KJ grew up in Meadows Place, a 1-square-mile Houston bedroom community of modest 1970s and ’80s tree-shaded homes. In late 2007, she returned as a 33-year-old seeking to settle in a community she recalled warmly.
“I have great memories of this place,” she said. KJ — she asked that her name not be used for fear of losing her job; she was fired when her previous employer learned of her background — and her husband purchased a four-bedroom house near her childhood home. Her two boys attended her old elementary school, a three-minute walk away.
The bottom fell out four years later. A baby sitter the couple had hired in 2003 contacted police and revealed the two had pursued her for sex when she was 15. According to police reports and court records, KJ had left after the baby sitter said no. But, while she was at work, her husband later had sex with the girl.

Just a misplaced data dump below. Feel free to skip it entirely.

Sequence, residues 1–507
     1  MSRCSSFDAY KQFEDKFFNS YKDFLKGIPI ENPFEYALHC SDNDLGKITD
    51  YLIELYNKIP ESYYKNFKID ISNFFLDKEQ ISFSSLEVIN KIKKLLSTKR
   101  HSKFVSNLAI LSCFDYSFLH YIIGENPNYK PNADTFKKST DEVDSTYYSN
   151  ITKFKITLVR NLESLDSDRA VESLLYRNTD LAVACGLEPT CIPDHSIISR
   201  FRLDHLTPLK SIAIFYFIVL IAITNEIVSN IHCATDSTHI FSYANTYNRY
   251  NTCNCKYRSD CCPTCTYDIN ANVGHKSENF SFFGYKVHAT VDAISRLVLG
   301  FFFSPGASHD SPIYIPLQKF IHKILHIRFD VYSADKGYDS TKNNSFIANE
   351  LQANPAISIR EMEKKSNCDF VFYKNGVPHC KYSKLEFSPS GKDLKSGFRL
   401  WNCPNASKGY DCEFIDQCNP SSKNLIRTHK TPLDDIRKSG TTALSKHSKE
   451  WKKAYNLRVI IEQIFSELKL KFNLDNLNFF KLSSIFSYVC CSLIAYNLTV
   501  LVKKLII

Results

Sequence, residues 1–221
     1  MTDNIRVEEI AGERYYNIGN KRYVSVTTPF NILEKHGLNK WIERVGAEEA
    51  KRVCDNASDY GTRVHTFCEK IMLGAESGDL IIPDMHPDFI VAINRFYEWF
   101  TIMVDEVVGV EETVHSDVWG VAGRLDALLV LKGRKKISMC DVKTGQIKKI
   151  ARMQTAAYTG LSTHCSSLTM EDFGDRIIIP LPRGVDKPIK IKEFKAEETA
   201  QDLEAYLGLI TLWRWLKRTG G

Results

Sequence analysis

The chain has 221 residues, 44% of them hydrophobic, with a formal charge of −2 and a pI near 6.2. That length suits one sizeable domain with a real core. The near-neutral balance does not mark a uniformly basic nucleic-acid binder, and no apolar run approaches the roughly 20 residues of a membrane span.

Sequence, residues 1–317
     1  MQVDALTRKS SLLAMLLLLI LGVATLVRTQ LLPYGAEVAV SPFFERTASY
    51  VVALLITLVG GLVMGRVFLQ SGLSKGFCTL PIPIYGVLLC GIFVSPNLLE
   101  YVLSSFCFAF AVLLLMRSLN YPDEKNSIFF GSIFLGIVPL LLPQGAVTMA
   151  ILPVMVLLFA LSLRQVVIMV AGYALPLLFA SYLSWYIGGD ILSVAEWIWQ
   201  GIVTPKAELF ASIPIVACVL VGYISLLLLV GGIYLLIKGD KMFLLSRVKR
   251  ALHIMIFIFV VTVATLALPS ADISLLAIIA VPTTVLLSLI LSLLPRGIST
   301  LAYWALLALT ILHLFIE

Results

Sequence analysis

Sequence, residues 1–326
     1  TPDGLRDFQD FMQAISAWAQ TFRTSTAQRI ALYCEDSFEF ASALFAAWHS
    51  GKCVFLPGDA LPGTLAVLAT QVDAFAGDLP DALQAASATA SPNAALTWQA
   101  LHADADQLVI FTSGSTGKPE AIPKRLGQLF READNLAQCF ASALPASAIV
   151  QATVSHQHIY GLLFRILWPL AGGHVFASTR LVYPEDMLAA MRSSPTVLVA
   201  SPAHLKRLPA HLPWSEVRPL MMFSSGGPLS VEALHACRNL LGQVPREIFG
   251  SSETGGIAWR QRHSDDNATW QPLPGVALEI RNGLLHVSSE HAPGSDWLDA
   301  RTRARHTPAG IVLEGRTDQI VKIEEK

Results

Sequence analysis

Called into the police station in late 2011 and confronted with the by-then 23-year-old’s charges, KJ’s husband confessed. He was sentenced to 10 years of probation. KJ received 4 years of probation for indecency with a child by exposure as part of a deferred adjudication deal, and she was required to register as sex offender.
Although many sex offenders on probation are prohibited from being around children, KJ wasn’t. She maintained custody of her sons, whom she may pick up and drop off at school and activities.
Yet when she showed up to check in at the Meadows Place police station, she said police refused to register her as a resident and informed her she couldn’t live in her home. A city ordinance prohibited registered child sex offenders from living within a certain distance of places where children gathered; her house was too close to a city pool.